Nuclear protected terrorism
The prospects for an end to the protracted conflict between India and Pakistan appear as remote as ever. In fact, it is likely that there will more deadly provocations in the future by terrorist groups based on Pakistani soil. In a recent op-ed article in the Wall Street Journal, C Christine Fair noted that in the future “Pakistan is likely to become more reliant, not less, on nuclear-protected jihad to secure its interests. Pakistan’s fears of India are chronic and are likely to deepen as India continues its ascent on the world stage.”
The notion of “nuclear protected jihad” is simultaneously chilling and perplexing.
The perplexing aspect of the rivalry is that Pakistan’s anxieties about India should have been alleviated once it tested nuclear weapons in 1998; thereby negating India’s conventional military superiority and achieving a level of strategic nuclear parity. However, instead of creating a “hard shell,” the possession of nuclear weapons seems to have only heightened paranoid anxieties about further dismemberment and even dispossession of its nuclear arsenal. It is as if Pakistan acquired nuclear weapons in “a fit of absent mindedness” and forgot to update its strategic posture.
There is zero possibility that India would contemplate further dismembering Pakistan. India has no incentive to risk a nuclear exchange. Evidence of India’s self-restraint over the last decade is abundant. Even spectacular attacks by militants, allegedly supported by elements linked to the Pakistani government, on India’s parliament and on its financial core have not led to war. The restrained response by the current Congress party-led coalition to the attacks in Pune, despite accusations from the BJP about being ‘soft on terrorism’ demonstrate the caution with which India approaches any potential slide into a conflict with Pakistan. The reason is that the fragmentation of Pakistan into a number of hostile and unstable Islamic republics is India’s nightmare scenario. Decapitating the hydra only creates more problems and distractions for India’s foreign policy.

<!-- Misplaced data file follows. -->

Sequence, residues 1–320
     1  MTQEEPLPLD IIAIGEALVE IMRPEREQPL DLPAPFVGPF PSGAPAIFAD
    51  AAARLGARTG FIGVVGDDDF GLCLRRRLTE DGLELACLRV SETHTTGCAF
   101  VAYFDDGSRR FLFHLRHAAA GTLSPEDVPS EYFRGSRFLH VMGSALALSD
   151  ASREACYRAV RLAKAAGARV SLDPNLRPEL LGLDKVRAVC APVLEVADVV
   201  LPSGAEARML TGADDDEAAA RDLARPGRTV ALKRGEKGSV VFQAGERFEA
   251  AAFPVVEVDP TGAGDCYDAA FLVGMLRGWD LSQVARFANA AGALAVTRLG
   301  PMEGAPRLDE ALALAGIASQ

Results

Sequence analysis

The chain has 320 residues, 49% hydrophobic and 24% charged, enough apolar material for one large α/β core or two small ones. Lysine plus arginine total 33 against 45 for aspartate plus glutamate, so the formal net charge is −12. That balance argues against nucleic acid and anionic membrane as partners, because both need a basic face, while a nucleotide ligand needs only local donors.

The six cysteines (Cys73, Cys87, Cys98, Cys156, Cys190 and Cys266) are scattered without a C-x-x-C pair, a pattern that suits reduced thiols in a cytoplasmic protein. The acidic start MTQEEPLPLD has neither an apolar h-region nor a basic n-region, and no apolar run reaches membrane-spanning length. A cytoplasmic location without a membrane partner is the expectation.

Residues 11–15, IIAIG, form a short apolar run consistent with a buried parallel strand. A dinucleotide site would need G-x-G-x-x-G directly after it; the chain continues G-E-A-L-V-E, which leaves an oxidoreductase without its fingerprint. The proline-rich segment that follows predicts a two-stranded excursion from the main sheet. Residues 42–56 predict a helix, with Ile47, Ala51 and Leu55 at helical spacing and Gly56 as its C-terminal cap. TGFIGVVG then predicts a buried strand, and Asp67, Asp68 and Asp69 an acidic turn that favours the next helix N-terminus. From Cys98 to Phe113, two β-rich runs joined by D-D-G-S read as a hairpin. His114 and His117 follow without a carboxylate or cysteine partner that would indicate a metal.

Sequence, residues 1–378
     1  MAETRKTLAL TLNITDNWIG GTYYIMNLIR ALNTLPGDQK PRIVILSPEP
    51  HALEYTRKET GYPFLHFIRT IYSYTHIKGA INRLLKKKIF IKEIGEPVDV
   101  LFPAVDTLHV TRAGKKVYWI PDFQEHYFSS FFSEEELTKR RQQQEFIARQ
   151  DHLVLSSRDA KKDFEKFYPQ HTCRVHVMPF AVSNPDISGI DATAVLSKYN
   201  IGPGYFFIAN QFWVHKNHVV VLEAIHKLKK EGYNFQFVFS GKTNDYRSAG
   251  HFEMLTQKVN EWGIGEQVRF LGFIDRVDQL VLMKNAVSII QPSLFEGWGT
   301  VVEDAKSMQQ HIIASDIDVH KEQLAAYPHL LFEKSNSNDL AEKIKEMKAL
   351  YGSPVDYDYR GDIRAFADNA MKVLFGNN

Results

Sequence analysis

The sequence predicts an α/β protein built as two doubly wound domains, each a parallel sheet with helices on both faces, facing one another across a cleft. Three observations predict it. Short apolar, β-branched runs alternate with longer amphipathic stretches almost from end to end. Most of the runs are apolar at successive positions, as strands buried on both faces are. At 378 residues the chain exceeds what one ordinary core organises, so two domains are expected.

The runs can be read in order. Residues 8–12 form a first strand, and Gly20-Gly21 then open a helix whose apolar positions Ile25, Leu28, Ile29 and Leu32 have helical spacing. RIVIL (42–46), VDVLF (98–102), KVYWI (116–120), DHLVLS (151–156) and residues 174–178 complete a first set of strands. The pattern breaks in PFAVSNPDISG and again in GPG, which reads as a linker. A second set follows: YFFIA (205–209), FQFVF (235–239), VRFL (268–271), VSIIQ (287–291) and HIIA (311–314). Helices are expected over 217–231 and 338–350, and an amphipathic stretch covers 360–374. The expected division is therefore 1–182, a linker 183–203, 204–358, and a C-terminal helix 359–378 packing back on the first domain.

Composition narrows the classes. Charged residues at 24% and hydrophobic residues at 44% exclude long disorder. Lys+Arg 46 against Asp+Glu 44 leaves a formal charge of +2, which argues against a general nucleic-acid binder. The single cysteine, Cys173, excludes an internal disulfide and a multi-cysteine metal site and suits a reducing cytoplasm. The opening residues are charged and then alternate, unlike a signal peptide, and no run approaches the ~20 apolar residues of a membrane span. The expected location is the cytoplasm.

Why does a nuclear armed Pakistan continue to fear India and seek parity?
The answer is that, more than any realistic fear of dismemberment, Pakistan fears India because it cannot compete economically or militarily. Of course, Pakistan and India have had a significant territorial dispute since 1947. However, the rivalry extends well beyond Kashmir. It was India’s role in dismembering its rival during the 1971 civil war in Pakistan which left a permanent scar on the psyche of the Pakistani people and state. Hence, it is understandable that Pakistanis deeply distrust India. But history and territory are not the only sources of anxiety. In terms of population, Pakistan is smaller than India’s largest state. India is also an industrial powerhouse in relative terms and its economy is doing extremely well by comparison. New Delhi has managed to develop a comprehensive relationship with the United States and it is considered a responsible stakeholder in the international arena at a time when Pakistan’s relations with Washington are under considerable strain and its reputation in the international community is maculate. (Moreover, the Pakistani military relies on these chronic fears to maintain its right to interfere in the public sphere. The spectre of Indian hegemony sustains the status quo distribution of power in the domestic realm and it conveniently distracts from the failures of economic progress.)